* "1917 Astronomical Plate has first-ever evidence of exoplanetary System" (2016-04-12, carnegiescience.edu) [archive.is/qxvH2], photo caption: The 1917 photographic plate spectrum of van Maanen's star from the Carnegie Observatories’ archive. The pull-out box shows the strong lines of the element calcium, which are surprisingly easy to see in the century old spectrum. The spectrum is the thin, (mostly) dark line in the center of the image. The broad dark lanes above and below are from lamps used to calibrate wavelength, and are contrast-enhanced in the box to highlight the two “missing” absorption bands in the star. Available here as a standalone image. Credit: Carnegie Institution for Science.
* "The darkness of dark matter and dark energy" (summarized by Stewart Brand, longnow.org, from a lecture by Priya Natarajan):
ALL THAT WE KNOW of the universe we get from observing photons, Natarajan pointed out. But dark matter, which makes up 90 percent of the total mass in the universe, is called dark because it neither emits nor reflects photons — and because of our ignorance of what it is. It is conjectured to be made up of still-unidentified exotic collisionless particles which might weigh about six times more than an electron.
Though some challenge whether dark matter even exists, Natarajan is persuaded that it does because of her research on “the heaviest objects in the universe“ — galaxy clusters of more than 1,000 galaxies. First of all, the rotation of stars within galaxies does not look Keplerian — the outermost stars move far too quickly, as discovered in the 1970s. Their rapid rate of motion only makes sense if there is a vast “halo” of dark matter enclosing each galaxy.
And galaxy clusters have so much mass (90 percent of it dark) that their gravitation bends light, “lenses” it. A galaxy perfectly aligned on the far side of a galaxy cluster appears to us — via the Hubble Space Telescope — as a set of multiple arc-shaped (distorted) galaxy images. Studying the precise geometry of those images can reveal some of the nature of dark matter, such as that it appears to be “clumpy.” With the next generation of space telescopes — the James Webb Space Telescope that comes online in 2018 and the Wide-Field Infrared Survey Telescope a few years afterward — much more will be learned. There are also instruments on Earth trying to detect dark-matter particles directly, so far without success.
As for dark energy — the accelerating expansion of the universe — its shocking discovery came from two independent teams in 1998–99. Dark energy is now understood to constitute 72 percent of the entire contents of the universe. (Of the remainder, dark matter is 23 percent, and atoms — the part that we know — makes up just 4.6 percent.) When the universe was 380,000 years old (13.7 billion years ago), there was no dark energy. But now “the universe is expanding at a pretty fast clip.” Natarajan hopes to use galaxy-cluster lensing as a tool “to trace the geometry of space-time which encodes dark energy.”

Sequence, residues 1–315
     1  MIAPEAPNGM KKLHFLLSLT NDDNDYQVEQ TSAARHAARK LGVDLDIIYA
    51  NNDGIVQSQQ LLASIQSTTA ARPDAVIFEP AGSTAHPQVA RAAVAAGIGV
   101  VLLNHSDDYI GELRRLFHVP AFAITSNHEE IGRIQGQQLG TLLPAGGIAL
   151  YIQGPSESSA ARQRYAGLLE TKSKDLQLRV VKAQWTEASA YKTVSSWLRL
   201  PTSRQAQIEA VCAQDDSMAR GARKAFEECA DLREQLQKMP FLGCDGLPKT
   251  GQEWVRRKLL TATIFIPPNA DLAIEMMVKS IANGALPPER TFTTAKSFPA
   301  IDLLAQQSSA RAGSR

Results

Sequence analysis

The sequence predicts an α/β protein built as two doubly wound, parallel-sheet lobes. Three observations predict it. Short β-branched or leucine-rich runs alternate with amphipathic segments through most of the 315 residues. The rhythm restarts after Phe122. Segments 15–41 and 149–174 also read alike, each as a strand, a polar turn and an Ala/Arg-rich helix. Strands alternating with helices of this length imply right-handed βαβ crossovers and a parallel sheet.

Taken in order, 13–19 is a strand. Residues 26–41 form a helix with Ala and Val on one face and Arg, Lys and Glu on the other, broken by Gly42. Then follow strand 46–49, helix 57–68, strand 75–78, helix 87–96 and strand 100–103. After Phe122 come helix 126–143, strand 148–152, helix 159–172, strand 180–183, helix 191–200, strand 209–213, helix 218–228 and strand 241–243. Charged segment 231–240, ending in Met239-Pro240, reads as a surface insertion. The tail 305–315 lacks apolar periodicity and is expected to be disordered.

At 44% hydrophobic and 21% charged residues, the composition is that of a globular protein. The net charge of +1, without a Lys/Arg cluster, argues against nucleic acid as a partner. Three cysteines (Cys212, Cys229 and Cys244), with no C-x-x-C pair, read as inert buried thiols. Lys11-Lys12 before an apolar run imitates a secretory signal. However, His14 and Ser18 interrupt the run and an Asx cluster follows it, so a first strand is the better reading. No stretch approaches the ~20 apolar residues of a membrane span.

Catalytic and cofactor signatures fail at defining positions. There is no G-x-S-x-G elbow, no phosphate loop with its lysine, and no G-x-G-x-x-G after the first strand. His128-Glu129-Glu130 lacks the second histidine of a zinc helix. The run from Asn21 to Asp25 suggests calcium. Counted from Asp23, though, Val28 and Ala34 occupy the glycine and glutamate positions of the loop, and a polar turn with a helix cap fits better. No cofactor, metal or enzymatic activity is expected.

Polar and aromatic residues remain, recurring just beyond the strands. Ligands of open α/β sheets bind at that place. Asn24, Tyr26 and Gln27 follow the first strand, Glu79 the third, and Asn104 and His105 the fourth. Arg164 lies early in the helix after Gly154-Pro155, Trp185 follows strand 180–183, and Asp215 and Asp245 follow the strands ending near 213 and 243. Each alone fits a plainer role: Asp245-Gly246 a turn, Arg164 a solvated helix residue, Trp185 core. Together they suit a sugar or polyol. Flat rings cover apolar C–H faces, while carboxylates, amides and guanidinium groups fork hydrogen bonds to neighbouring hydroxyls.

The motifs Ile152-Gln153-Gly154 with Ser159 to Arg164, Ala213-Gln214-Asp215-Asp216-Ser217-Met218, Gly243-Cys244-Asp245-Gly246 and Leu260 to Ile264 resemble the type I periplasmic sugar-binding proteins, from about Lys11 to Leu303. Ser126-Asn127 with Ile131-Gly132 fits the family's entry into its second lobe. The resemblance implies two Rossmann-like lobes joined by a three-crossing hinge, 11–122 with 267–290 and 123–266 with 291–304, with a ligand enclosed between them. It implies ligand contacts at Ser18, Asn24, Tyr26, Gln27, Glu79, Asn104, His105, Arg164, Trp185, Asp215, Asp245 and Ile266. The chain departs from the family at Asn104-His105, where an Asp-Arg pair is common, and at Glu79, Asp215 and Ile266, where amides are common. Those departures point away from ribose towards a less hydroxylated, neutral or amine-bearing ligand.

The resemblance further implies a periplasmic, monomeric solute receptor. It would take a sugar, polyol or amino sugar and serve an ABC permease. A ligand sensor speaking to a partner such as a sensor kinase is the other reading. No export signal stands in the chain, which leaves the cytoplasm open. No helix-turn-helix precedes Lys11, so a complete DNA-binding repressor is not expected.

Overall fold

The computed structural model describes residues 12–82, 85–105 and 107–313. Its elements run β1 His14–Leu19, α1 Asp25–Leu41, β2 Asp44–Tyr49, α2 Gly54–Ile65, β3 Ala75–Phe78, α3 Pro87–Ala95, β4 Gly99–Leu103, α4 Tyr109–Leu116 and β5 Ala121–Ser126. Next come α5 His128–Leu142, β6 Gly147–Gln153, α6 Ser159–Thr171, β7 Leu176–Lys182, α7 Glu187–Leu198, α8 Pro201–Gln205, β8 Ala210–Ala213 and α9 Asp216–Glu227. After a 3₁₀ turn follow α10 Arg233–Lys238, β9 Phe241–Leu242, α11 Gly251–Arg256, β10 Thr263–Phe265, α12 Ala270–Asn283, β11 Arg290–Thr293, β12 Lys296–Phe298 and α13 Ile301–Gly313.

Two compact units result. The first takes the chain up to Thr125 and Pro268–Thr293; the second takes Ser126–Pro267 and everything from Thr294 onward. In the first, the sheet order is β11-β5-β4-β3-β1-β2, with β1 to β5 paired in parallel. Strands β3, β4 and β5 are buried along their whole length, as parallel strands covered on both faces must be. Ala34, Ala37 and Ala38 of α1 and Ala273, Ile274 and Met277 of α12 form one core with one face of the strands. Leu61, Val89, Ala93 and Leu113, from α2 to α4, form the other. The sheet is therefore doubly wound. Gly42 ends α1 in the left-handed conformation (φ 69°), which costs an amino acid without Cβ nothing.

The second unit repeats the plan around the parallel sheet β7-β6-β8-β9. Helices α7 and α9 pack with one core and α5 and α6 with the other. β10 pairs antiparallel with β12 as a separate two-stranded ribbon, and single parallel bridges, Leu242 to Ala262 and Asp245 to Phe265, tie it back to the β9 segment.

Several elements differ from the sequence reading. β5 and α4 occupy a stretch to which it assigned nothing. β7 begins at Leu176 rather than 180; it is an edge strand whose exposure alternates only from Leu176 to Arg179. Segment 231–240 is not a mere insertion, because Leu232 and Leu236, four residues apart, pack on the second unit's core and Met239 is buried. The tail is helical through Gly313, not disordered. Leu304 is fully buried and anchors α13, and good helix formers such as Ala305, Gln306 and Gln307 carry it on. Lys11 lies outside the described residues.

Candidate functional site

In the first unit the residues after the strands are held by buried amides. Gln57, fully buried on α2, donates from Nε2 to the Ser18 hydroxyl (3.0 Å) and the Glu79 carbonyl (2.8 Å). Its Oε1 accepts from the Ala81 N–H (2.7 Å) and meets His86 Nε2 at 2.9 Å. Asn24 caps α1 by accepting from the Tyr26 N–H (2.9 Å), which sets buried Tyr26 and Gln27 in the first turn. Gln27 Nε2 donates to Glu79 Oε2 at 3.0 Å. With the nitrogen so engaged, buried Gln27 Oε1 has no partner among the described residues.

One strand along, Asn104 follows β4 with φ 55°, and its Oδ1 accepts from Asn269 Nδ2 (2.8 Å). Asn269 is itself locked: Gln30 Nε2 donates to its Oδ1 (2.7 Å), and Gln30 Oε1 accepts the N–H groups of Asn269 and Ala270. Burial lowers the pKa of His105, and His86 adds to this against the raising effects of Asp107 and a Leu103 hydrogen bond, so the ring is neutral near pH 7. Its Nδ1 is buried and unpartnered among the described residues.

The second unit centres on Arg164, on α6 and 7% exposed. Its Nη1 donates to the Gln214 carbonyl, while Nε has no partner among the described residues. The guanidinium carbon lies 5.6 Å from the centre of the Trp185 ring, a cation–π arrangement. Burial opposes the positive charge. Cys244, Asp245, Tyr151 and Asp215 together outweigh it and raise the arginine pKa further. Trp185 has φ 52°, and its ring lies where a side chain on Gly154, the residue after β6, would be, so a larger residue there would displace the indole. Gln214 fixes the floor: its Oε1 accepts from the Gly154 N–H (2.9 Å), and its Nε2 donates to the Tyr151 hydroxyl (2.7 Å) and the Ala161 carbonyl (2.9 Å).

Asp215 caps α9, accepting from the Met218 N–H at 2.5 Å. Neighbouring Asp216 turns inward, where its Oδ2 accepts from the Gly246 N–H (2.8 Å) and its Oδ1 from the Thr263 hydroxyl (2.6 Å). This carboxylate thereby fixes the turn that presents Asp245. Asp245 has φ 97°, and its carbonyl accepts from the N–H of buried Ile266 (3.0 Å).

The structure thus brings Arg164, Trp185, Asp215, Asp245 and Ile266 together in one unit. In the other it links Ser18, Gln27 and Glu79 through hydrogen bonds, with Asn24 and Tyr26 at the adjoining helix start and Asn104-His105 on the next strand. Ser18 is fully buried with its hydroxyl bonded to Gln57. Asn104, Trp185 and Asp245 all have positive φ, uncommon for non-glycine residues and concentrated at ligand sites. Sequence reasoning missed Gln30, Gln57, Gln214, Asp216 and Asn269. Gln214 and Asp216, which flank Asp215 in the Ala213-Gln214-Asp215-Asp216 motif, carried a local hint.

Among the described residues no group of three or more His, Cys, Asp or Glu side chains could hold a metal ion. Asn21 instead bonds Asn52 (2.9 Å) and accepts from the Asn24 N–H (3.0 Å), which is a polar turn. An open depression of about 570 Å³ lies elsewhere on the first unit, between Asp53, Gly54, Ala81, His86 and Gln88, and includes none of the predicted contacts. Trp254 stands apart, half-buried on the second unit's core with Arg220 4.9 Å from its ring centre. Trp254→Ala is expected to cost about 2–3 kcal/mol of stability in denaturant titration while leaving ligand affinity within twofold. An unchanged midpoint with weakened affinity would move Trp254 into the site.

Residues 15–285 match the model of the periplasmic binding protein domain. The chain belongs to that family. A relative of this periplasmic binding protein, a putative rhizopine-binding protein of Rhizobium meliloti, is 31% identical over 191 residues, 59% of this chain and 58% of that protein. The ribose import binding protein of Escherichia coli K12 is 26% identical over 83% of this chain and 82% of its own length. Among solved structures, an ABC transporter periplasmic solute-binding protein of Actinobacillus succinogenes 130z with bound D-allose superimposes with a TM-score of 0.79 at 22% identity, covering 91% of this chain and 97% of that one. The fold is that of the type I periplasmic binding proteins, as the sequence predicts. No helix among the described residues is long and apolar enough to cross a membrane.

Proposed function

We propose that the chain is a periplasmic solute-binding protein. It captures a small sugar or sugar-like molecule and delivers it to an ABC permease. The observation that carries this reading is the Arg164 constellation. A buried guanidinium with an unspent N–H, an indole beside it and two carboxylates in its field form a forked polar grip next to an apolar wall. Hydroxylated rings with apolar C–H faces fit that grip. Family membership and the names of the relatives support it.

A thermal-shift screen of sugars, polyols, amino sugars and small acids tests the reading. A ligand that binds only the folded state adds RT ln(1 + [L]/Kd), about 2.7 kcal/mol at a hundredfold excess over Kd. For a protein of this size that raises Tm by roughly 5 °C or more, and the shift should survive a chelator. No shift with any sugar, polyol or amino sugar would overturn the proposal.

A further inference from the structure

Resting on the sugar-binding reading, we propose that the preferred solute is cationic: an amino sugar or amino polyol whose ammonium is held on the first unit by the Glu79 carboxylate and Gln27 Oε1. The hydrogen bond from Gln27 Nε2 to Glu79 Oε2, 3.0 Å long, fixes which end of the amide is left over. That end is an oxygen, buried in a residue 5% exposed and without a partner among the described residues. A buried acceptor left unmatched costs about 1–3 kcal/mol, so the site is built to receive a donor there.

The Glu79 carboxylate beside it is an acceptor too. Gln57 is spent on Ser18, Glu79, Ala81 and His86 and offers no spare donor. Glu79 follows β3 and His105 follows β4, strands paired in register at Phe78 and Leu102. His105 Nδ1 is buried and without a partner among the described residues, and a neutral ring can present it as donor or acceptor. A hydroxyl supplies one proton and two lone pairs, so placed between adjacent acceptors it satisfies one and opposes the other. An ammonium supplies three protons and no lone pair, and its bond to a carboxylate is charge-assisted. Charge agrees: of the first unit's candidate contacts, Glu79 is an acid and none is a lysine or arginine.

These days, she said, data is coming in from the universe faster than theory can keep up with it.” We are in a golden age of cosmology.”
* A linkable illustrated version of this summary is on Medium [http://is.gd/BBxWlQ].
* The audio--and soon video—of the talk is at the Long Now Seminars site [http://is.gd/H1xNf4].
* "Spreading seeds by human migration" (2016-04-13, universityofcalifornia.edu) [archive.is/yX6cS] [begin excerpt]: Using DNA collected from corn grown by immigrant farmers in Los Angeles and Riverside, researchers at UC Riverside have found the genetic diversity of corn in some home and community gardens in Southern California far exceeds levels found in commercially available seeds.
The researchers cautioned that this is a preliminary study with a small sample size. Future research would expand to include a greater number of gardens, and focus on characteristics of the corn, such as tolerance to drought, difference in cob size and flowering time.
The research addresses the importance of maintaining a diverse range of genetic resources for future crop improvement. A broad mix of genetic material is useful for breeding modern improved lines, minimizing the vulnerability of inbred crops to pathogens and pests, improving performance and incorporating unique traits.
Yet, crop genetic diversity is threatened in developing and developed countries as policies and program encourage the use of relatively homogeneous modern cultivars and as people migrate from farms to cities, often abandoning farming altogether. [...]
Past research has shown that corn genetic diversity is being eroded, particularly in Mexico and conservation strategies tend to fall into two categories: ex situ and in situ. Ex situ refers to using a controlled environment, such as a gene bank or botanical garden, to maintain genetic resources. In situ refers to a farmer-based approach via traditional agricultural practices like seed saving and selective breeding. [...]
“People collect baseball cards and people collect plant seeds,” Ellstrand said. “In reality, it is not all that surprising that as people move around they help preserve the genetic diversity of plants.” [end excerpt]